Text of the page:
Risa (Erika LaVonn) is the lone waitress, a silent sphinx as she shuffles ever so slowly across the room, her legs with visible scars where she cut herself to make herself undesirable to men. She does her job but controls the pace and tone of her responses to customers and her boss. Inscrutable and self-determining as much as she is allowed, hers is the only feminine presence in the diner, a men's territory.
Into this small group comes Sterling (Cedric Mays), with a cocksure strut, a former resident of the neighborhood just released from the penitentiary where he had been sentenced for robbing a bank. He's hoping for some friendly faces who can point him in the direction of finding work, but there's not much to be had. We also meet West (Dennis W. Spears), the undertaker and the richest man around, who currently has in his charge Prophet Samuel, who has attracted a huge crowd for his viewing. West offers Memphis $15,000 for his building, in the hopes of selling it back to the city for more. But Memphis declines.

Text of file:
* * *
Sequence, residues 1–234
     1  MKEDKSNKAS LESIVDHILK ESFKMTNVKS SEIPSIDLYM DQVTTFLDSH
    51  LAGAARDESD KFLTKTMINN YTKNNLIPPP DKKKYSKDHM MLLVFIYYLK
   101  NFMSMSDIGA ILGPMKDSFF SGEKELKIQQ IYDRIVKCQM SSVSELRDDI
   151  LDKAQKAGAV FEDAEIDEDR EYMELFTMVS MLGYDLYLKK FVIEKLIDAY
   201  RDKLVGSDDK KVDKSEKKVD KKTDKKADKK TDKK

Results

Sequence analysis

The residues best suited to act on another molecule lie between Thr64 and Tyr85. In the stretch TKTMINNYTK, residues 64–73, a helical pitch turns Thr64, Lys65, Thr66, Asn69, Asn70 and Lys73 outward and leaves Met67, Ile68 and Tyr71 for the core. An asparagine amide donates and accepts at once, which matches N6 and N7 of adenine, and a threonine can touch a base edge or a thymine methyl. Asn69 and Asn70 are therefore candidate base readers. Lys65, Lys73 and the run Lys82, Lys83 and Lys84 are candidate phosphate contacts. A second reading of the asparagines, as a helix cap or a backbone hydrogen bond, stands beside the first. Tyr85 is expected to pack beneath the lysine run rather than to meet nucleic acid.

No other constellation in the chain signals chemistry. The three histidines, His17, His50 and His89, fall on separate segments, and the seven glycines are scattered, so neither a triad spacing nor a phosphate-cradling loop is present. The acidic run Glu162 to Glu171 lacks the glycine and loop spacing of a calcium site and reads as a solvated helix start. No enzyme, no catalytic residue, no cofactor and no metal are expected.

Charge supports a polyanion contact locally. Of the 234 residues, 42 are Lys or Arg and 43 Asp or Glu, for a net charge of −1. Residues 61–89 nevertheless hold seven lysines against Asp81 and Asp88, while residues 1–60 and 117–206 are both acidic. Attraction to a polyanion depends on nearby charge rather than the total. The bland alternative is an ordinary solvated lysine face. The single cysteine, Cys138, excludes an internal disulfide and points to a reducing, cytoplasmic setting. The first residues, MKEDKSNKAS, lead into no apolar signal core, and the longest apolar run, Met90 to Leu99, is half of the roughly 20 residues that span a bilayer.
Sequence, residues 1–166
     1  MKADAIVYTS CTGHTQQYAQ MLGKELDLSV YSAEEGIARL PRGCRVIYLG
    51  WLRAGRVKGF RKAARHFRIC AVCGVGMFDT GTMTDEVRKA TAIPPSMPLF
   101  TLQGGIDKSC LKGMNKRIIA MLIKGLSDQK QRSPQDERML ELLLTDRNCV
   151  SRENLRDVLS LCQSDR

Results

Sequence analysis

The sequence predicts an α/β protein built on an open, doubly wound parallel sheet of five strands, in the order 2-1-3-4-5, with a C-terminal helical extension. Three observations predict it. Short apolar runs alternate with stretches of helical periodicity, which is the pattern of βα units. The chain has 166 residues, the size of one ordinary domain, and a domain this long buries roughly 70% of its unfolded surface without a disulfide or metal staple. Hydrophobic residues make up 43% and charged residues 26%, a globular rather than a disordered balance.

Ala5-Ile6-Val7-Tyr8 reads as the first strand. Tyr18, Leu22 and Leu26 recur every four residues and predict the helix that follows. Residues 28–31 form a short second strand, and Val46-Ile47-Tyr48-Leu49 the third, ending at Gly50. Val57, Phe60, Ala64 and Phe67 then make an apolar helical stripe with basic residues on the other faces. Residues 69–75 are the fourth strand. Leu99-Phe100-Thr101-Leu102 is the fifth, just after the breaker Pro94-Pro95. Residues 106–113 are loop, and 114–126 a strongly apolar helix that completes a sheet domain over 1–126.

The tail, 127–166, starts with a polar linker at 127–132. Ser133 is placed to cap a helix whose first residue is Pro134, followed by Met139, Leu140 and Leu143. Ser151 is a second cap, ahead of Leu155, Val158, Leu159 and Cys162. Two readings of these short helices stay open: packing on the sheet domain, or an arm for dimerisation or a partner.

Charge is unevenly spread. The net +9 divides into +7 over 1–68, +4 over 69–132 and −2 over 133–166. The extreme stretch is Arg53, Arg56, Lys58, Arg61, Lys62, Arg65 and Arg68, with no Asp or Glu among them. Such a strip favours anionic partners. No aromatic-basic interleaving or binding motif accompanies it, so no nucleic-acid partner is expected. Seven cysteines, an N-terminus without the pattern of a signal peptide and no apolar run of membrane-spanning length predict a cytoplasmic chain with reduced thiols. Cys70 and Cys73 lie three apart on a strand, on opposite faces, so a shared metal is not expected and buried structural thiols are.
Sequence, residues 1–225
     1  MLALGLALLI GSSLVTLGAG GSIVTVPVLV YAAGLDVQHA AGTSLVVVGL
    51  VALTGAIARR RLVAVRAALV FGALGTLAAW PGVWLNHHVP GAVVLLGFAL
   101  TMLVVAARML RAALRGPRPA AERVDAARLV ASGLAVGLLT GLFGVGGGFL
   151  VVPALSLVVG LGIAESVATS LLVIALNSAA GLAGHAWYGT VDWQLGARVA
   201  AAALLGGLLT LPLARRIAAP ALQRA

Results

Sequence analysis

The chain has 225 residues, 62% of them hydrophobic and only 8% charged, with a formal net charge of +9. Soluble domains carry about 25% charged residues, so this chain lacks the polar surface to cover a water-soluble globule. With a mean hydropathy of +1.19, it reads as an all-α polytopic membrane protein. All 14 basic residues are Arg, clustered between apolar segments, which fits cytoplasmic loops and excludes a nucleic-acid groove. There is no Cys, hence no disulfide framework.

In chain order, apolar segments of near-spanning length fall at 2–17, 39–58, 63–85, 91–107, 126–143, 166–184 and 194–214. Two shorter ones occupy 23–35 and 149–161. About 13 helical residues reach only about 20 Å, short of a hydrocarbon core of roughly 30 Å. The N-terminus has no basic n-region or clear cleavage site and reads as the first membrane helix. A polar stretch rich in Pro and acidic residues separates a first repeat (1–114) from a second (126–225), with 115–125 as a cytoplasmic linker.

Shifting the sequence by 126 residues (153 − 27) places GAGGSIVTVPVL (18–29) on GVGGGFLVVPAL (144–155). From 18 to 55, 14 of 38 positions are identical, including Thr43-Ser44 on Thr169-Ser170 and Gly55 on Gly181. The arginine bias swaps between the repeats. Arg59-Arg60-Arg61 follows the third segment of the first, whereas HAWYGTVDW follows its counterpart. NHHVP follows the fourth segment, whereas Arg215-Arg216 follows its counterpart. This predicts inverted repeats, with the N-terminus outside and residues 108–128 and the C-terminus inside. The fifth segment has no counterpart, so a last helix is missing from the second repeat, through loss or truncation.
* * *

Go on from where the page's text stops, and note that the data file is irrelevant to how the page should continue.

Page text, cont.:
There is the lack of interest and even scorn for what is happening currently in their world, with its talk of Black Power and rallies to honor Malcolm X. Those things have little to do with them and their lives. As Memphis says, "Niggers killed Malcolm. Niggers killed Malcolm...These niggers around here talking about black is beautiful. Sound like they trying to convince themselves. You got to think you ugly to run around shouting you beautiful." Only younger Sterling shows some interest in what this might mean for them, but laments that if he can't find a job, he's going to have to find a gun.